I've been dolling out advice to Microsoft since 1994, when I got on the Windows 95 Beta (then called Windows 4.0) in order to co-write my third book, which was about that OS. I'm sure most of that advice was unwelcome at the time, since by its nature you only provide this kind of information when there's a problem, real or imagined.
Other times, Microsoft has reached out to me. During the Windows Vista debacle, for example, I was asked what I would do to improve consumer perceptions of the OS, which wasn't as bad as the pundits and tech bloggers claimed. Frankly, I didn't have many specifics, but I cautioned the company that it would need a steady series of highly-regarded releases before it could ever possibly recover. I pointed out that consumer distrust of Microsoft in the wake of Vista was like the distrust that US citizens developed in their government in the wake of various scandals in the 1960's and early 1970s. It was possible things would never get better, I thought.
With, more than ever before, Microsoft's core business is standing on the edge of a precipice. I firmly believe that Microsoft needs to get this one right, that if they don't, if they achieve only a Windows Vista level of "success"--that is, that Windows keeps selling simply because it is Windows, but many users and businesses quietly downgrade to some previous release--then it's the beginning of the end: Customers will simply turn en masse to simpler computing devices such as those based on Apple iOS and Google Android, and Windows will slowly become passé. It will continue to be the most popular OS on traditional PCs, yes, but that market will shrink compared to the larger market for mobile devices. Irrelevancy follows.
If, on the other hand, Windows 8 is wildly successful--and by this I mean a Windows 7 style of success but on both traditional PCs and new, iPad-like tablet devices--then Microsoft will pull off an amazing transition that, I believe, is unprecedented in the admittedly short history of the personal computing era. That is, it will have made the transition from being dominant in the PC market to being relevant in the consumer electronics market. It will establish Windows as a credible alternative to iOS and Android, and will bring along hundreds of millions of customers--perhaps billions--as a result.
Is this possible?
Of course it is. But since we're in a weird quiet time between the incomplete Developer Preview version of Windows 8 from September and the feature-complete Beta version of the OS that Microsoft will deliver in late February 2012, and because the software giant is painfully silent about several key details of its strategy, especially around ARM-based versions of the system ... we just don't know. We don't know what the company is going to do, how it intends to establish a foothold in this new and one day humongous new market, and most certainly why it has engaged in a veil of silence to date. It's all a big question mark.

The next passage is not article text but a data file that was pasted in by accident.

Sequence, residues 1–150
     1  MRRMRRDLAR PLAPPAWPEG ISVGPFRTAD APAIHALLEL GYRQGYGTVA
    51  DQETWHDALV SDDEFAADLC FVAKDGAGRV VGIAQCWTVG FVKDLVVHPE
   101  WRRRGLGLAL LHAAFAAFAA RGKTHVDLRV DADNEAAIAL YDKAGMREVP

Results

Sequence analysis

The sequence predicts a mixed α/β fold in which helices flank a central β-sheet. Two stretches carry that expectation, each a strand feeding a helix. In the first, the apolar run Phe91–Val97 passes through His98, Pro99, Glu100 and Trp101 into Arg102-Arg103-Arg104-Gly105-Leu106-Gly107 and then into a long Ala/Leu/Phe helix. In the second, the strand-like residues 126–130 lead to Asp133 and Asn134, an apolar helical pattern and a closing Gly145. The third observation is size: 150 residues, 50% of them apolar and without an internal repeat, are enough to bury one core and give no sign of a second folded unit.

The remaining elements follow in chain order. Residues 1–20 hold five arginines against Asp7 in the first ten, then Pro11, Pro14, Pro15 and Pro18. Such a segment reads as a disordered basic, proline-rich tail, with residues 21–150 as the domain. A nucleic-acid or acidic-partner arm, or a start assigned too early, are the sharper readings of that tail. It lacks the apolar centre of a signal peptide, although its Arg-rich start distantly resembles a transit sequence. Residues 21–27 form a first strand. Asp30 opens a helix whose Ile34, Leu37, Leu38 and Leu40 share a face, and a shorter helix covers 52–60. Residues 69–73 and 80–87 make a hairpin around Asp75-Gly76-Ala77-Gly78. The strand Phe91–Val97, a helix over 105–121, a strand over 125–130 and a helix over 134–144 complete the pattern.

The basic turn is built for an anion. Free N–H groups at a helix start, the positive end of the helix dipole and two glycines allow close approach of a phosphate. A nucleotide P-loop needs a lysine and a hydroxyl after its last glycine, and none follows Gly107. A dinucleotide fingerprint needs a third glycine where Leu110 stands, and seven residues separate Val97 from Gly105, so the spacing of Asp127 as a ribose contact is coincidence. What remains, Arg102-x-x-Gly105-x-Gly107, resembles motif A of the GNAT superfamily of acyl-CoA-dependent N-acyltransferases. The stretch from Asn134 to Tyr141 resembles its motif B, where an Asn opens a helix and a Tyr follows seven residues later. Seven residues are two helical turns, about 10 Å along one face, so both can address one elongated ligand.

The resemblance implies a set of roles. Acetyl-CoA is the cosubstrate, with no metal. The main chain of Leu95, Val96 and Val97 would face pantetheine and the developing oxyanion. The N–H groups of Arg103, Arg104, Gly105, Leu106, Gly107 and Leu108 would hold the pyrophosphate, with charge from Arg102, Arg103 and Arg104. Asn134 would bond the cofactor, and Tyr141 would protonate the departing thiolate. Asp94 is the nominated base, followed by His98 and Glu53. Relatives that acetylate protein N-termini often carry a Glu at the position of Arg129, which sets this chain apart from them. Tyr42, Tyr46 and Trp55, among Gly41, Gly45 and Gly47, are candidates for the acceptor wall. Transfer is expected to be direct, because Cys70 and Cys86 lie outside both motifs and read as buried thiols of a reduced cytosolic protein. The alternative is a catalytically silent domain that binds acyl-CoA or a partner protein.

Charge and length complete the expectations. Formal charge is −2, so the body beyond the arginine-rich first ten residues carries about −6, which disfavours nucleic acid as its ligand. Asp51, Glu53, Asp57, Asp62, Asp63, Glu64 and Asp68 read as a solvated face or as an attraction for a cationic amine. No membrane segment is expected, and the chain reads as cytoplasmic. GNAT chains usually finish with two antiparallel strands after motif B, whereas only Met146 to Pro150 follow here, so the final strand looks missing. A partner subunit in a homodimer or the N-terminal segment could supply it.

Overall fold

What a wonderful time to speculate.
Of course, given these conditions, I've been speculating about Windows 8 for a long time. Last year, around this time, I wrote two articles about this very topic, How Microsoft Can Fix Windows 8, Part 1: User State Virtualization and How Microsoft Can Fix Windows 8, Part 2: Virtualize Compatibility. Both, notably, involve virtualization of some kind, and for a reason: I really wanted (still do) to see a split between the backwards-compatible but messy and hard to update underpinnings of the past and a new, presumably more modern and sustainable future. Virtualizing some of Windows' key features seemed like a good approach. Well, to me.
I also wrote an article last year called How Microsoft Can Fix Microsoft (in 2011). In it, I argued that maybe it would be better for the company to "start over from scratch" with a smaller, componentized, and simplified version of Windows, rather than try to meld its top-heavy current product to new form factors like tablets.
Microsoft, of course, has split the difference. We now know that Windows 8 will include a new runtime engine, the Windows Runtime or WinRT, that will provide a new environment for Windows Phone-like, Metro-style apps and that this new runtime will be the default shell. But the old shell, the Explorer desktop, will still be present, and not virtualized, giving access to all of the applications and functionality of the past. Microsoft calls this "the best of both worlds," but for many users the experience of moving between the two environments is jarring. That may become less of an issue once we have more Metro-style apps to replace our current, old-school Explorer applications. But it's controversial, no doubt about it.
After Apple in February released a developer preview version of its now-current Mac OS X offering, Lion, I wrote an article called What Microsoft Can Learn From Mac OS X Lion. This article can form the basis for any discussion about "fixing" Windows, since Apple and Microsoft are clearly on complementary trajectories when it comes to combining their respective desktop and mobile OSes. And what I recommended there applies, largely, to the discussion today. Key suggestions include:
One SKU. Microsoft currently markets what appears to be about 117 different versions of Windows 7. Apple, meanwhile, has exactly one desktop OS called Mac OS X Lion, and if you want to run it on a server, you pay $50 and download an add-on. That's the way it should be done. Microsoft is doing wrong by its customers by nickel-and-diming them over which features are available in which product versions. It's shameful.
Better resolution agnosticism. The classic Windows GUI is built on resolution-dependent bitmap graphics, so onscreen elements are whatever size they are, and while some offer a few different versions, the built-in controls for enlarging UI controls has always been hokey at best. Mac OS X has always done a better job with graphical and textual fidelity, despite also being built on bitmaps. But I've got good news here: While the Metro-style apps of the near future are not technically resolution independent, they will utilize Silverlight-style transforms to provide something pretty darn close. That is, an app scaled to run on a 1920 x 1080 HD display will still look great, even though it was developed for a 1366 x 768 screen.
Get the Recycle Bin off the desktop. This is sort of irrelevant now since Microsoft is moving beyond the desktop interfaces of the past 15 years.